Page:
Microsoft's $500 Million Message: People Are The Business - InformationWeek

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Microsoft's $500 Million Message: People Are The Business

CEO Ballmer says security and usability of its upcoming products are the focus of the company's R&D efforts.

Marking Microsoft's 20th anniversary as a public company, CEO Steve Ballmer was in New York City Thursday talking up the company's upcoming products to improve businesses' ability to connect from the data center to the desktop to the Web, and promising to spend $500 million over the next year to market those products.

The software that Ballmer discussed and demonstrated, including the Vista desktop operating system, Longhorn server, and Executive Office 2007, is old hat to anyone following Microsoft over the past few years. Ballmer's intent, however, was to show how these products will work together to promote productivity.

Thursday's catch phrase, "People-Ready" business, is one the market will hear a lot of over the next year. It addresses how the "best businesses work hard to facilitate their people's success," Ballmer said. Software is at the heart of this success, supporting teamwork, fostering compliance, improving information visibility, and enhancing processes, he added.

A demonstration conducted by Chris Capossela, corporate VP of Microsoft's business division, illustrated how coming versions of the company's Outlook, Exchange, Office, and Business Intelligence products will let workers check not only their own E-mails and voicemails from PCs and mobile phones, but also on the availability of co-workers and business partners working in Microsoft environments. A green dot next to a person's name on a directory means they're online and ready to receive instant messages or collaborate on PowerPoint presentations. Capossela even demonstrated how he could call his E-mail from his mobile phone and have a computer read him his messages.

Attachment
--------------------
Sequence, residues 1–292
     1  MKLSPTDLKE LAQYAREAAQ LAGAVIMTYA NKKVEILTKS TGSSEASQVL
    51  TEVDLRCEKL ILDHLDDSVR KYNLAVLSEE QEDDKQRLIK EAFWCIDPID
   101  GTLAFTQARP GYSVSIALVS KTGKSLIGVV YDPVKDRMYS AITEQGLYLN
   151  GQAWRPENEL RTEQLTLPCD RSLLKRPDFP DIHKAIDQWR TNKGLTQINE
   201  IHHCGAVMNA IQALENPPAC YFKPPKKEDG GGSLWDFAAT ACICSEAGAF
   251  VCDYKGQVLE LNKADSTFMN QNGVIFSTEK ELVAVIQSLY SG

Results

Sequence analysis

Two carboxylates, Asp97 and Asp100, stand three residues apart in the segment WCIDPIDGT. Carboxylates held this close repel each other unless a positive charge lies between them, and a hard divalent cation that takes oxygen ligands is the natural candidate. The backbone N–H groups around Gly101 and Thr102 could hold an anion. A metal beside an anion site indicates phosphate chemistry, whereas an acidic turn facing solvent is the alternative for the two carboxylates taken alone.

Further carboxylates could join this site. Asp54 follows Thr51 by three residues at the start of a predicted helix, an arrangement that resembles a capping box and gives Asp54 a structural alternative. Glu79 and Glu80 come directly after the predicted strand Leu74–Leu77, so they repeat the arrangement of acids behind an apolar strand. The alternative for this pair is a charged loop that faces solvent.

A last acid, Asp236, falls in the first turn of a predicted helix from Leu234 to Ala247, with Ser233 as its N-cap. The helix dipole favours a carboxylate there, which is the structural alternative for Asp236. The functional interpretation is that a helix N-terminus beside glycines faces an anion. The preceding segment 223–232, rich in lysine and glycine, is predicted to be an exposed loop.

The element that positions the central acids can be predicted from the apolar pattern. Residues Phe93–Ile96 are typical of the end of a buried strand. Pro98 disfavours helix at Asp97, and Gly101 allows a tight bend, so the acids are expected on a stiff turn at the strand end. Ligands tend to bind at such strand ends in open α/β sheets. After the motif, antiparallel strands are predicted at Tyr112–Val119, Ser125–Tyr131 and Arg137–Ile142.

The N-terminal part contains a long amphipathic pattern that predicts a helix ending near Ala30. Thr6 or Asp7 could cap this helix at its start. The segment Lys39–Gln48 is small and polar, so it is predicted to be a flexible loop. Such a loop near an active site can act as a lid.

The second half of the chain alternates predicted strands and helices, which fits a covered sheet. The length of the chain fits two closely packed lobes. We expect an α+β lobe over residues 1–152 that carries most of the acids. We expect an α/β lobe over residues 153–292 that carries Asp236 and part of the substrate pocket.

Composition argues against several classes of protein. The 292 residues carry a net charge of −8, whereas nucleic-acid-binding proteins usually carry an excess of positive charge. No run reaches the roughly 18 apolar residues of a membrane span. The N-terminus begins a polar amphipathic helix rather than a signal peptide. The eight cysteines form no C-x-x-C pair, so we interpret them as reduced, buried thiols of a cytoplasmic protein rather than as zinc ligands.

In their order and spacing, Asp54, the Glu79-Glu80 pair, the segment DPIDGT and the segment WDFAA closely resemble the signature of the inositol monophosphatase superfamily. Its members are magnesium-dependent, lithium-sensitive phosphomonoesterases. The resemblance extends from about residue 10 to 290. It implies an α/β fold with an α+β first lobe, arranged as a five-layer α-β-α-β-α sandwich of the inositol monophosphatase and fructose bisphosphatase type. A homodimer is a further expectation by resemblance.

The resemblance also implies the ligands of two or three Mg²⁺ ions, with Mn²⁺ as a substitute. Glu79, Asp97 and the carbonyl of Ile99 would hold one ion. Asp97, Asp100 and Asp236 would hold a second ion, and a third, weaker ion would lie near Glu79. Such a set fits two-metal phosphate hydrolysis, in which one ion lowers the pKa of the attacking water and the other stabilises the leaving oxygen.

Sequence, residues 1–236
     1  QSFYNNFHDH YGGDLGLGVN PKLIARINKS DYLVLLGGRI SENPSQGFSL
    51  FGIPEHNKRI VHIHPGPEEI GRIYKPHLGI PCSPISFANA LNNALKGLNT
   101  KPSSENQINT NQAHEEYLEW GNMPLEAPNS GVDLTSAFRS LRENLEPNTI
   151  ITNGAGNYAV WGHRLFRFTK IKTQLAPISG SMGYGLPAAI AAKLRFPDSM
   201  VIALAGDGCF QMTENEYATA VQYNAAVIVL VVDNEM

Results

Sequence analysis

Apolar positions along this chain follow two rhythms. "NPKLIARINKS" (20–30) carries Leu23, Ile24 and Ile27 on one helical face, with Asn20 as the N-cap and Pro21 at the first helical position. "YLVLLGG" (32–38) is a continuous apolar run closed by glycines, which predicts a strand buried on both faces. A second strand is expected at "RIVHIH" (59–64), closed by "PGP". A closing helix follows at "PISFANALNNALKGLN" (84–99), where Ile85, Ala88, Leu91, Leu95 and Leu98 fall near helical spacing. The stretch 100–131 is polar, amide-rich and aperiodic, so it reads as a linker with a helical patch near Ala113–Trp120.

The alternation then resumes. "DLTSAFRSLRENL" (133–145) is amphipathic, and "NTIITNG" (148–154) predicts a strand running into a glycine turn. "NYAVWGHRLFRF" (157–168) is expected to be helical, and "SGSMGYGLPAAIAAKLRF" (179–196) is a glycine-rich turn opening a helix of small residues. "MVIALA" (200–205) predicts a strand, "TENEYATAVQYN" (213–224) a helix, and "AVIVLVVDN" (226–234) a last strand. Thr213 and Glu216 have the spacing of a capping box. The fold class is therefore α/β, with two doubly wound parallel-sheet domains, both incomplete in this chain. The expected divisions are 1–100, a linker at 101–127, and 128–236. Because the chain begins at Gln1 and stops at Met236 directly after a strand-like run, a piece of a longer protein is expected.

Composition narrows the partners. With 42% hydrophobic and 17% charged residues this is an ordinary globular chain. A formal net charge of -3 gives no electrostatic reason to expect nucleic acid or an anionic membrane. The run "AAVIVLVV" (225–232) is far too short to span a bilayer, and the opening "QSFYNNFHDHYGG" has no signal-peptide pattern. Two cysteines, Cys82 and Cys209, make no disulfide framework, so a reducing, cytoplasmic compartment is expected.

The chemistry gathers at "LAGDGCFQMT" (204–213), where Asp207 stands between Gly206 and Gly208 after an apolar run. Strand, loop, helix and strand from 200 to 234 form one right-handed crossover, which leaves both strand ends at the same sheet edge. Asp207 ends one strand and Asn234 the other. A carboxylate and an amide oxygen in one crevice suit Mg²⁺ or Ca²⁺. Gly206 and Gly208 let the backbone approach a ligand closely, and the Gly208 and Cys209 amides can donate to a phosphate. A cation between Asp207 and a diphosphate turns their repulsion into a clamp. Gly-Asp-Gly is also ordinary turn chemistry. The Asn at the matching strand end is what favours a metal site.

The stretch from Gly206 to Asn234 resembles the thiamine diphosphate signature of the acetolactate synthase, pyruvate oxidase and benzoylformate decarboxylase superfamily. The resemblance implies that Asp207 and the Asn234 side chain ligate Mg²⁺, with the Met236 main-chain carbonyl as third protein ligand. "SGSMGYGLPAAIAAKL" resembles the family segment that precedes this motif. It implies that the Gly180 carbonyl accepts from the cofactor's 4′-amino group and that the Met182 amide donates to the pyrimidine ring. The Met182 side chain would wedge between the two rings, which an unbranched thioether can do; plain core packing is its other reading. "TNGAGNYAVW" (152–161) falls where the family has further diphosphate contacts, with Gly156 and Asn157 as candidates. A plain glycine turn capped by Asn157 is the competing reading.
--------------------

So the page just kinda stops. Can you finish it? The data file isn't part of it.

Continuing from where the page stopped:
The demo didn't realistically address the sluggish performance users generally experience when they open multiple applications simultaneously on their overtaxed desktops. But Ballmer pointed out that Microsoft has spent $20 billion in R&D over the past three years to make Thursday's demo a reality.

Fashion designer and businessman Tommy Hilfiger briefly addressed the audience to endorse Microsoft's products as supporting his company in the fast-paced fashion industry, "where customers expect new merchandise on the shelves every four-to-six weeks." Ballmer, decked out in a red, white, and blue Tommy Hilfiger tie, joked that he was nervous about sharing the stage with Hilfiger. "I am generally not a fashionable guy," he said.

Ballmer also used his presentation to seize on a key issue that's certain to make or break many software companies over the next few years, noting that Microsoft has "made security a job-one priority." He gave few new details about the company's security strategy, but it's clear that security and usability are critical components to Microsoft's ability to grow its business and fend off advances made by open-source software, which has provided robust competition on the desktop, the Web, and in the data center. Google is also turning up the heat on Microsoft, having last week announced the acquisition of Writely, a maker of online word-processing software.

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